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Monday, 15 November 2010
Page: 2184


Mr RAMSEY (12:34 PM) —by leave—I rise as deputy chair of the committee that prepared this report to the House. It may come as no great surprise to the House that the coalition members elected to oppose this legislation have delivered a dissenting report. As the chair pointed out, it was a new experience for the committee under the new standing rules of the parliament for the legislation to be referred from the Selection Committee for us to review before it was placed before the House. The way it was rushed upon us came as a bit of a surprise. The coalition members believe that this inquiry was held with undue haste and that we have not had an opportunity to examine the full intent of the evidence and, in fact, feel as though some of those people who have contributed evidence were not given the opportunity to deliver the evidence face to face.

In particular, I draw your attention, Madam Deputy Speaker, to standing order 143(b), which says that:

… a determination may be made by the Selection Committee as provided by standing order 222 to refer a bill to a committee for an advisory report.

Then standing order 222(a)(iii) says that:

… select bills that the committee regards as controversial or as requiring further consultation or debate for referral to the relevant standing or joint committee in accordance with standing order 143.

The standing orders are not prescriptive, but it would appear to me that the intent is that the committee should undertake some degree of scrutiny of the submissions.

Instead, the government used its majority on the committee to effectively guillotine the inquiry. We had seven days to receive submissions. In the end we received 36, but only 29 of those were lodged by closing time. Then we had less than a week to consider those submissions, with no chance to meet in person and no chance to enter into any one-on-one, face-to-face interviews. We believe that there was considerable interest shown in this inquiry, as evidenced by the number of submissions—and we may well have received more had we had more time—and so we decry the lack of process. It would seem that if we are to have any inquiries at all, they should be more diligent than this.

To come to the point of the submissions: there were 36 in total, placed predominantly into two groups. The first—the universities and union sector—encompassed 26 submissions, all but one of which supported the bill. I must point out that they were mostly dusted off submissions that had been delivered to the Senate inquiry in 2009. There is nothing particularly wrong with this, but they had an opportunity to present those submissions personally. Tellingly, of the group of 26 from the universities and union sector, almost all stand to gain financially from this legislation.

The six submissions in the second group were all opposed to the legislation and they all came from individuals. I point out that these individuals had no opportunity to present in person. Tellingly again, these are the people who will pay the bill. Those who will pay the bill have a completely different attitude to those who will receive the money. That is enough for us in the coalition to at least have great concerns whether the student population is indeed in favour of this compulsory levy at all.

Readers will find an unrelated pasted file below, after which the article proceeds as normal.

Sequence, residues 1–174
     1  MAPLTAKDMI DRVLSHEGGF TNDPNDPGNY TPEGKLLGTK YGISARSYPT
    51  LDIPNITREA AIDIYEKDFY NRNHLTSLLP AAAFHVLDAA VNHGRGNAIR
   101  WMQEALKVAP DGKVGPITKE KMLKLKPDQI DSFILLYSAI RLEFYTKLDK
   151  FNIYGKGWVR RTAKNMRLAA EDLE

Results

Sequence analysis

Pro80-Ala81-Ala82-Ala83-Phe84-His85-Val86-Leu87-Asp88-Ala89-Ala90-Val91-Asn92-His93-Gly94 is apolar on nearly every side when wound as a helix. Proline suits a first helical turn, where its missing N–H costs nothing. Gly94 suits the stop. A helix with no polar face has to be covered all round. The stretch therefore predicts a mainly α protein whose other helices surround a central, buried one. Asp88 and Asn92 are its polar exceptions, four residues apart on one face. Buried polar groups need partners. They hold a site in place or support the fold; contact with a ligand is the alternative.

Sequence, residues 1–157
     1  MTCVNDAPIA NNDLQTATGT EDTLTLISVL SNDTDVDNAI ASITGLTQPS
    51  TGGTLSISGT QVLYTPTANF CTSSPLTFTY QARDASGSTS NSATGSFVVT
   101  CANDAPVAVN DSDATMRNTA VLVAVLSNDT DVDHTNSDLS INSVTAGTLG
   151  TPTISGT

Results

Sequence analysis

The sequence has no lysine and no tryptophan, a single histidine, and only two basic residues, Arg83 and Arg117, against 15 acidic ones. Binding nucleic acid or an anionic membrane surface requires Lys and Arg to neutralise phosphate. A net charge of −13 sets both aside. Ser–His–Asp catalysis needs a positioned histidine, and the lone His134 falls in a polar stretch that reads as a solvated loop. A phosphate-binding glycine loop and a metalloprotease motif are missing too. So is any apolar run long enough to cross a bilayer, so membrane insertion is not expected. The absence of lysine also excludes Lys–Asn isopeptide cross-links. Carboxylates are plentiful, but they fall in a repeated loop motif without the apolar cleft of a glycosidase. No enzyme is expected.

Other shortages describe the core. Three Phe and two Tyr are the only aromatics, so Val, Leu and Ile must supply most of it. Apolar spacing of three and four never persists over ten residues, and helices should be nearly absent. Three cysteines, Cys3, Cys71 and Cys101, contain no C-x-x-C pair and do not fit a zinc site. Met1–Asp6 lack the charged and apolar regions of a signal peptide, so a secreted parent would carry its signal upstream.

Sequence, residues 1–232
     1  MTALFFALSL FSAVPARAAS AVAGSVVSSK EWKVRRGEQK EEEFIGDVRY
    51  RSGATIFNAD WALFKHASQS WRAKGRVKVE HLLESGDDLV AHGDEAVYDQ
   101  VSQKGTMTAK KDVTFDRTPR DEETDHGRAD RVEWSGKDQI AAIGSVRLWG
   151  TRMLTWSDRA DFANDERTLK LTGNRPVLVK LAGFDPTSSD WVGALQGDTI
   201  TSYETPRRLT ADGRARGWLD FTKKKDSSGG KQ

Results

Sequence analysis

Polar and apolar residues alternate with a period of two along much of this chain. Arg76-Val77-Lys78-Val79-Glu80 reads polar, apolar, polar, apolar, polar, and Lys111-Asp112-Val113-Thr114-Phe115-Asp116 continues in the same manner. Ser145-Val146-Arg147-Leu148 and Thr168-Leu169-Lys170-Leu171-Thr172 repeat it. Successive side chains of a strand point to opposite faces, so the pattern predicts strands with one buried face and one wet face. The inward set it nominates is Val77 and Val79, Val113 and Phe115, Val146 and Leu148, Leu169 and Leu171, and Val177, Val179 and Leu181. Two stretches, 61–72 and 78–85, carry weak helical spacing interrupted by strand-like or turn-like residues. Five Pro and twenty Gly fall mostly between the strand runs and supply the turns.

It is not just a little amount of money. It is anticipated that this new tax will raise $143 million a year from struggling students. It is not just tintacks money; it is a substantial amount of money. In fact, one of the students who contacted us, and I think he spoke for many students who study externally, said, ‘It is not my intention to ever attend the UNE campus in Armidale.’ It does make you wonder why on earth this student should be charged a compulsory fee for a service that he will never wish, and is never likely, to access. As he said, he is never even likely to visit the campus. There are many students throughout Australia who are studying under external arrangements and most of them would probably concur with that evidence.

We also make the point that the bill sends a message to students that students are incapable of being able to determine what is in their best interests and that it is retrograde, condescending and fundamentally insulting to students that we think we know far better than them how to spend their money.

I also refer to the dissenting senators report in 2009, which drew particular attention to the clear Labor Party commitment prior to the 2007 election rejecting a compulsory amenities fee. This policy appears to have changed sometime before the 2010 election. Certainly the Labor Party made no issue of it during the election campaign. Most students in Australian universities at the moment are blissfully unaware of what awaits them next year should this legislation be passed.

We also believe that it is highly likely that the funds raised will be used for political campaigns outside the student unions’ direct interests and are, in fact, a return to compulsory student unionism. I understand the legislation does have bars on direct contributions to political campaigns, but we would be stretching credibility to think that some of these funds will not be used in campaigns that have a political intent.

In the end, we reject the majority view of the committee, and my recommendation to the House is that it rejects the legislation. But I would concur with the chair when she thanked the secretariat—Glenn Worthington and Becky Walker in particular. They were placed under a lot of pressure because of the time constraints, obviously to get all of the material together to convene the meeting, which was held by teleconference, and to deliver the report in what I think is an unrealistic time frame.